Home » Chapter 6: The FASD Student & Behavioral Issues » Stubborn or Oppositional

Stubborn or Oppositional

Stubbornness or oppositional behavior is a characteristic that is often used to describe the FASD child. While the refusal and unreasonable behavior is frustrating for the teacher, there are reasons underlying why the FASD student is stubborn.

When an FASD student is asked to do something that is too hard or too frustrating, he/she may become very upset. These students may not understand the directions given. Teachers are likely to see these students cry, “close down,” refuse to participate, or become disruptive.

When the student cannot process anything else, he/she is on overload. The student is saturated and cannot take in any more information. They may feel they know something, and if they’re asked to alter it in any way, it may be too much for them. This is when stubborn or oppositional behavior occurs.

When there is a change in a routine, it is very difficult for the FASD student to function. They have a hard time “switching gears.” In general, transitions are difficult for the FASD student (see Routines in Chapter 4).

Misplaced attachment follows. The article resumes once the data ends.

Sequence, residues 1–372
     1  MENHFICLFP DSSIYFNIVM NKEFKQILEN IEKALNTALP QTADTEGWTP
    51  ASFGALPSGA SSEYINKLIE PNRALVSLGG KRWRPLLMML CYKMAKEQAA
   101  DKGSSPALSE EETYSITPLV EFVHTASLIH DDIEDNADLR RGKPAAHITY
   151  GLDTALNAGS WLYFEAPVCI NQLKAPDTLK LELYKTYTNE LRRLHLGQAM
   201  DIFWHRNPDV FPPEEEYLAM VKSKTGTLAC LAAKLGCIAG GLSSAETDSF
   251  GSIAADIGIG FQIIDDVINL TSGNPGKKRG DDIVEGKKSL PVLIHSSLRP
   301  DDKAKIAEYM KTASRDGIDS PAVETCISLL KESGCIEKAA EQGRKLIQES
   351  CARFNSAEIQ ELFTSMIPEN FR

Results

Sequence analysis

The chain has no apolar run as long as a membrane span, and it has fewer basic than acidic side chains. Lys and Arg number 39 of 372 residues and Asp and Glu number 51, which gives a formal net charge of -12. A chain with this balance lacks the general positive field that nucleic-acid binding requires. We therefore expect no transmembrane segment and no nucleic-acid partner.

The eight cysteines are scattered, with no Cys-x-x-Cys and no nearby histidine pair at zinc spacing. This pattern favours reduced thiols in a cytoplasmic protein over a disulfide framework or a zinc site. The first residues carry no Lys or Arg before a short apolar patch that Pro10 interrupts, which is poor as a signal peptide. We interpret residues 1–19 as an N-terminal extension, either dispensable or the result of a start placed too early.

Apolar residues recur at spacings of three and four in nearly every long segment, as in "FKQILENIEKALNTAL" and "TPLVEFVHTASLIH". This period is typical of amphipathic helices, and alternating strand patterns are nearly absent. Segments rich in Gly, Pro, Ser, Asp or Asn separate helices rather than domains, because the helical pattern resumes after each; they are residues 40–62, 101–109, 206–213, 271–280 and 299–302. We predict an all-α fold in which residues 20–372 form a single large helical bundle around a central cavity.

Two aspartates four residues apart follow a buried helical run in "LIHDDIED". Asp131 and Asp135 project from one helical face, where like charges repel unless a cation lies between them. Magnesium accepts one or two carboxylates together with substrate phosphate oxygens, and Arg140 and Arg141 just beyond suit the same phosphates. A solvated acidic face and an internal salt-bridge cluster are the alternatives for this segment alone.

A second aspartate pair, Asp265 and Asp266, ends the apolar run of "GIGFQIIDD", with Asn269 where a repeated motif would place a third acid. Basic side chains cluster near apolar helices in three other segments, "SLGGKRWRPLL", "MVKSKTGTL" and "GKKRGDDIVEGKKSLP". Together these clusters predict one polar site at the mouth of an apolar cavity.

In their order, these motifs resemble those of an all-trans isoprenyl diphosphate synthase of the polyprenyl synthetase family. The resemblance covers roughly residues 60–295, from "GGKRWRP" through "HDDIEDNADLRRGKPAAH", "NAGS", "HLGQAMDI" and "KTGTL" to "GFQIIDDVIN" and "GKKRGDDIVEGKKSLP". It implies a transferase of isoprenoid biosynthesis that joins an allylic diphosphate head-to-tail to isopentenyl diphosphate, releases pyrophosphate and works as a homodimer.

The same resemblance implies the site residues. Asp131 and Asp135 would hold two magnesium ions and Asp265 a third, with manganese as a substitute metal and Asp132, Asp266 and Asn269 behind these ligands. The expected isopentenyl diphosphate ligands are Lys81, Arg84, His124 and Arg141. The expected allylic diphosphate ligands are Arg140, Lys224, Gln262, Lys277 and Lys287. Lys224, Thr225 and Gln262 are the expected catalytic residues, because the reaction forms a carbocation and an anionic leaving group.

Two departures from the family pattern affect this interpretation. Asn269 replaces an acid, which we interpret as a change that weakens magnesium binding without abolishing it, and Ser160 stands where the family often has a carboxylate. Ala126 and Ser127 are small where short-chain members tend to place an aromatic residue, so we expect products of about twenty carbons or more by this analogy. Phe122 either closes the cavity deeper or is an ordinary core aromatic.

I am a bowling ball. Once I get rolling down one lane, I just can’t switch over… it takes me forever to slow down or move on to another kind of activity even when it’s something I can remember I like doing.”
(Kleinfeld and Wescott, 1993)
“I’m like a train. Once I get going one way , I can’t just suddenly go off in another
direction cause there’s this whole chain of things I’m holding together .
(Kleinfeld and Wescott, 1993)

Stubborn behavior is also a form of control for these students. While it is an ineffective strategy, it is more comfortable than dealing with the uncertainty of change or transition.

FASD students have the following deficits, which explain their stubborn or oppositional behavior. These deficits are associated with damage to specific areas in the cerebral cortex and hippocampus.

  • These students have information-processing difficulties.
  • These students have memory deficits.hippo-CC